What’s wrong with Iraq this time around

Iraq was about all we talked about at work today, before the grisly incident of today became public. Actually I should say other people talked. I didn’t do much but listen.

This is about all I have to say.Last time around, I wouldn’t say we were above reproach, but there was something very different. Last time around we were liberators. George Bush went on the air and told the Iraqis we treated their prisoners with kindness. We stood in stark contrast to Saddam Hussein. We got in, did our work, then got out. We fought more like Israel than like the United States of the late 20th century.

Whether we were justified in going back in and going after Hussein isn’t an argument I want to broach. Someone asked me several months before we did it what I thought. I said I knew we were going to have this war. It was just a question of when, and how long.

It’s been a lot longer than the last go-round.

The stories of brutality to prisoners ignited controversy. Who’s responsible? Was it justifiable? As I listened to people arguing about it, I tried to place myself in the role of a soldier guarding these prisoners. Let’s say a superior told me to do something to them. If I’m the one doing the smacking around, it doesn’t matter if I was just following orders. The guys in the Nazi death camps were just following orders too. They have a conscience. They’re guilty.

But the Nazis worked in fear of retribution, you say.

Do you think our soldiers had no fear of retribution if they didn’t carry out orders? Doing the right thing might not get you killed on the spot in the U.S. military, but do you think it might keep you from getting promoted? Do you think you might be the one picked to go into harm’s way? There’s still plenty of room for retribution in today’s U.S. military.

Harry Truman had a sign on his desk. It read, "The buck stops here."

Today it’s not very clear where the buck stops. It’s pretty clear who those Islamic militants blame. All of us.

So what’s the right thing to do now?

Part of me wants to go back to George Washington. Washington warned against getting too tangled up in international affairs. World Wars I and II were different–we were dragged into those. Kicking and screaming all the way, in the case of World War I. We haven’t fought many good wars since those.

Part of me says it’s a different world today, and it’s not realistic to be the world’s only superpower and ignore international affairs.

Part of me asks what I would do if I were Donald Rumsfield or George W. Bush.

Well, I’m a Promise Keeper. One of the Promise Keepers’ mantras is that the man is responsible for what happens in his house. Even if someone else in the household does it, the man had something to do with it, so he has to bear some of the responsibility. That same attitude goes into the workplace, and any position of authority.

Frankly it keeps you honest.

If I were Secretary of Defense, I think I would have to step down. Not because I want to, and not necessarily because people were calling for me to. The reason? To send a message.

So, what of these militants who did this despicable and, frankly, disgusting act?

Some will call for a war on Islam. That’s not the way to show what freedom is all about. If I may go back to my childhood for a minute, when I was growing up, I was always told I was representing more than just myself. I was representing the orgainization I belonged to–be it the Boy Scouts, or the school I went to. So I needed to show people what those things were all about, through my actions. I didn’t always do it perfectly, and I still don’t. But I can honestly say that I did at least try.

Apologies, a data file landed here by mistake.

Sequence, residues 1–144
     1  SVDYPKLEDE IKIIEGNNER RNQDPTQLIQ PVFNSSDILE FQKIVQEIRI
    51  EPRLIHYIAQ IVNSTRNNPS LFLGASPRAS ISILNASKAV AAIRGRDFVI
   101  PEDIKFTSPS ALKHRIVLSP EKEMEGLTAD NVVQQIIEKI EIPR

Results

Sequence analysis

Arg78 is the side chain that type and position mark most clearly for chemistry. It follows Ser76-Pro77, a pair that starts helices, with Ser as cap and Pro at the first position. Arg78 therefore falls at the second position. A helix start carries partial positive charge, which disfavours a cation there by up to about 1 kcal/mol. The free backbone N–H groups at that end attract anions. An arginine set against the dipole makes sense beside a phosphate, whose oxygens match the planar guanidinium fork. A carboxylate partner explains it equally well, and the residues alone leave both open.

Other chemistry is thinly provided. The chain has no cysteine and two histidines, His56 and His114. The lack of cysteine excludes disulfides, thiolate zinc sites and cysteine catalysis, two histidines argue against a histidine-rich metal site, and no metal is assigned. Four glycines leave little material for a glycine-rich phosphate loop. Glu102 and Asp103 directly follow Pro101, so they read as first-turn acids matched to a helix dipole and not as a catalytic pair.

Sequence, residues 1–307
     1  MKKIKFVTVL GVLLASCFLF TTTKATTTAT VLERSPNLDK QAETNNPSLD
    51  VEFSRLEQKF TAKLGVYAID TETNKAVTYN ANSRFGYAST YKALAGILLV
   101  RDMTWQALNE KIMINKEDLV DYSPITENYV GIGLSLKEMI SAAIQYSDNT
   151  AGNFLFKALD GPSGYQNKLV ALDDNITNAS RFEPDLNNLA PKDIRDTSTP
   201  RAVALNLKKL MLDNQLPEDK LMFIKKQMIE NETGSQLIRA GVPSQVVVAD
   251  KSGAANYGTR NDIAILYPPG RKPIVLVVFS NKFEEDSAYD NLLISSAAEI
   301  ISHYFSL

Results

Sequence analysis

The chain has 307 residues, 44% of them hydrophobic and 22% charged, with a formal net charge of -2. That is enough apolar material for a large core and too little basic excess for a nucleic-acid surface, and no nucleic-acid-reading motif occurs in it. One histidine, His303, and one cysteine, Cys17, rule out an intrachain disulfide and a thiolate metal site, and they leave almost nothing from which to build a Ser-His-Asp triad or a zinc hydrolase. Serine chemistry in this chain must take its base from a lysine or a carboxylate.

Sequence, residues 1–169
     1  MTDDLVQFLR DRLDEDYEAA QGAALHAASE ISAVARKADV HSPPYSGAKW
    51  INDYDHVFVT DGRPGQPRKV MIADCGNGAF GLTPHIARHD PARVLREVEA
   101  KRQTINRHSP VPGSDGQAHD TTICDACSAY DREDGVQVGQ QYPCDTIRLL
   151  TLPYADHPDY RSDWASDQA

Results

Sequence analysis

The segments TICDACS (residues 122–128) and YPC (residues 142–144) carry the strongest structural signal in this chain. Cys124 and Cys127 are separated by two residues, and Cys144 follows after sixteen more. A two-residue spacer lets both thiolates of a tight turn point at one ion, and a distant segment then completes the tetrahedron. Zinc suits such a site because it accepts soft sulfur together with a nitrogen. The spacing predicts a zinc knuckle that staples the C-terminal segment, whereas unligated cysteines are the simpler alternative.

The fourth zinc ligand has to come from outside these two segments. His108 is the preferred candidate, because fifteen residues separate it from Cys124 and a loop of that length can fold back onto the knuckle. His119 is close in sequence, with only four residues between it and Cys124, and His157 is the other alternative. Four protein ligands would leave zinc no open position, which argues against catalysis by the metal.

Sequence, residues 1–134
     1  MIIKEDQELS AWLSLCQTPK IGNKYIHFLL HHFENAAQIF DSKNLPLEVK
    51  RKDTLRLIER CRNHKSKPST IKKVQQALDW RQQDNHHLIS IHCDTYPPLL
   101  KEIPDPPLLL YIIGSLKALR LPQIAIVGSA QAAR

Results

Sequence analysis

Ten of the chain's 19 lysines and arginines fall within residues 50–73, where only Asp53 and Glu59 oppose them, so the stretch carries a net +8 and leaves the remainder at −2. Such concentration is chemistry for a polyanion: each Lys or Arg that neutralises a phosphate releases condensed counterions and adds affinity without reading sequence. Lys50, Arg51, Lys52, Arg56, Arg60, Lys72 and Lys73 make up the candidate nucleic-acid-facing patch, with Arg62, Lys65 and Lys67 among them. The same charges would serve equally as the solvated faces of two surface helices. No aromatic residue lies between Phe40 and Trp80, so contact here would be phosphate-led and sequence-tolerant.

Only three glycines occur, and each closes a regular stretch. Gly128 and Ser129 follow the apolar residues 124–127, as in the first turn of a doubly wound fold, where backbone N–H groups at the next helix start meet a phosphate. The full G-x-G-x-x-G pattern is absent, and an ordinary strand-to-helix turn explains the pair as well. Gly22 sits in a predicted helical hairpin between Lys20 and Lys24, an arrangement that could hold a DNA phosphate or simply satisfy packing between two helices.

Through our actions in the Middle East, we need to be showing these people what Freedom–yes, capital "f"–is all about.

We sure did a better job of that in 1991 than we’re doing now. Sometimes I wonder if we’re trying.

So what if we change our ways? Will we win them over? Not tomorrow we won’t. Freedom isn’t free. In this case, it’s starting to get really expensive. But I think it might have been cheaper if we’d done it right from the get-go. Don’t get me wrong: Either way, it would have been a long and painful process. But maybe it would have taken one century instead of twelve.

We got our man. We got his obvious successors. We didn’t find what we were looking for. We accomplished some worthwhile things, but we kind of look bad too.

I think we have to decide whether we are willing to pay the escalating cost, or go back to George Washington.

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4 thoughts on “What’s wrong with Iraq this time around

  • May 11, 2004 at 8:49 pm

    Fortress America!
    Pull back from the world, we’re safe here.
    We shouldn’t have invaded Iraq, then or now. Kuwait was part of Iraq. It was the Saudi’s problem. Involvement in foreign countries is the recipe for disaster. Maybe.
    To pacify a people, you must be willing to emulate Saddam. This country is not willing to do what must be done, witness the uproar over the prisoners in the Abu Ghraib prison.
    Our military can not enter mosques that hold terrorists and their weapons. We’ve established another Yalu river boundary.
    This time, there is no Douglas MacArthur to point out the stupidity of giving your enemy a place to rest and regroup.
    Is it possible Bin Laden is trying to follow the teachings of the Koran, to convert the world at the point of a sword? Is this a religion that can tolerate no other?
    An Israeli woman emailed me that she believes we are in the beginning of World War III. She is an American that emigrated thirty years ago.
    I wonder, are we in the end of days?

    "I know not with what weapons World War III will be fought, but World War IV will be fought with sticks and stones." — Albert Einstein

    • May 12, 2004 at 2:19 pm

      What’s wrong with Iraq is simple. Two points:

      1. The majority of Iraqi’s will not fight for their own freedom.

      2. We are, as usual, doing most of the damage here at home… to ourselves.

      A good portion of this country has no backbone, and no resolve. The attention span of a crack addled monkey doesn’t help matters either. Since the Sixties and beyond, it’s been "cool" to blame America for everything. This has reached a new level today… Nick Berg’s family has blamed the current administration for the death of their son. This is pure insanity, and is the baseline reason for why we are in the situation we have now found ourselves in.